They certainly don’t have the built-in upside of a lottery pick’s rookie scale contract and the lucrative second deal that often follows for those who perform well initially.

How much are #1 overall picks paid compared to picks outside the top 5?

There is a substantial gap in both rookie salary and future earnings potential between the consensus #1 pick and players selected even just outside the top 5 in any given draft.

Using 2021 #1 pick Cade Cunningham and #7 pick Jonathan Kuminga as examples:

  • Cade Cunningham’s rookie salary: $10.1 million
  • Jonathan Kuminga’s rookie salary: $5.8 million

Nearly double the year one income simply by going one slot higher from #7 to #1 overall. This gap will likely continue to widen in their second contracts.

Recent #1 picks like Anthony Edwards, Zion Williamson, and Ja Morant are all projected to sign max rookie extensions in the 5 year, $150+ million range. Meanwhile, players drafted outside the top 5 – like Tyler Herro, RJ Barrett, and Kevin Porter Jr – are more likely to sign extensions in the 4 year, $90-100 million range.

While certainly still life-changing money, it illustrates the sizable financial difference between being at the absolute top compared to just slightly down the draft board.

Do overseas players earn the same rookie salaries?

Yes, overseas players selected in the NBA draft inherit the same rookie salary scale as their American counterparts. For example, Slovenian Luka Doncic earned the same salaries on his rookie deal as the rest of the 2018 draft class he was selected with.

The main difference with international prospects is that many of them decide to delay entering the NBA draft. Examples include Nikola Jokic and Giannis Antetokounmpo playing several professional seasons in Europe before declaring. As a result, they tend to be a bit older than American one-and-dones.

But in terms of the actual rookie contract values, overseas players slot right into the same preassigned dollar amounts based on draft slot once they do get selected.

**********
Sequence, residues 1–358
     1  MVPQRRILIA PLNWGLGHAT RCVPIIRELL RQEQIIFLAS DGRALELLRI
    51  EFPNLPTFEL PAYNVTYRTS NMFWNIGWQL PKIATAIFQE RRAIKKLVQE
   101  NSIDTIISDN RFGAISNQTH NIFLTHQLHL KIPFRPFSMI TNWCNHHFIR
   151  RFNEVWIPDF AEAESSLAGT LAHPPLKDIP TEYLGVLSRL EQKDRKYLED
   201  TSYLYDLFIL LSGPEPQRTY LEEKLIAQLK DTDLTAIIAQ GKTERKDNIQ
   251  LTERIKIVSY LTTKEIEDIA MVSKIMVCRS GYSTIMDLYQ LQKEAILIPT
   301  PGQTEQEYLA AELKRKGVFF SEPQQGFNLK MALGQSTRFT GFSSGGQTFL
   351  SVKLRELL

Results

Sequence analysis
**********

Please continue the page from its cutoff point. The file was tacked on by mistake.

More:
How has rookie salary changed over time?

The dollar values for rookie contracts have increased substantially with the growth of the NBA’s revenue and salary cap over time. Some key trends in how rookie salaries have evolved:

  • Back in the 1980s, #1 picks like James Worthy and Ralph Sampson earned between $500,000-$1 million per year.
  • In the 1990s, top picks like Shaquille O’Neal and Allen Iverson made around $2-$3 million annually on their first contracts.
  • The rookie scale introduced in 1999 immediately boosted salaries, with #1 pick Tim Duncan earning over $8 million per year.
  • LeBron James scored a then-record $12.9 million as the top pick in 2003.
  • Blake Griffin and John Wall signed their rookie deals for $5+ million per year in 2009 and 2010 respectively.
  • Today’s top picks like Zion Williamson and Cade Cunningham now earn over $10 million per season.

So #1 overall salaries alone have increased by 10x over the last 25-30 years. However, stars with their massive second contracts dwarf their first deals – for example, LeBron now earns around $40 million per year.


Being a lottery pick certainly sets a player up for life-changing financial opportunities early in their NBA career. The guaranteed four year rookie scale contract provides lottery selections with generational wealth from day one. First round draftees then have the advantage of restricted free agency, where their original team can match contract offers, keeping the top talents in place long-term.

If the lottery pick demonstrates their abilities and achieves both team and individual success, they are well-positioned to then sign a maximum-level second contract and consistently earn $25+ million per season at their peak. Even those outside the top 5 make substantially more than late first rounders or second rounders.

While second round and undrafted players occasionally break through with big contracts, the odds are extremely long. Essentially, being a high draft pick – especially in the top 3 – almost guarantees NBA riches for the long haul.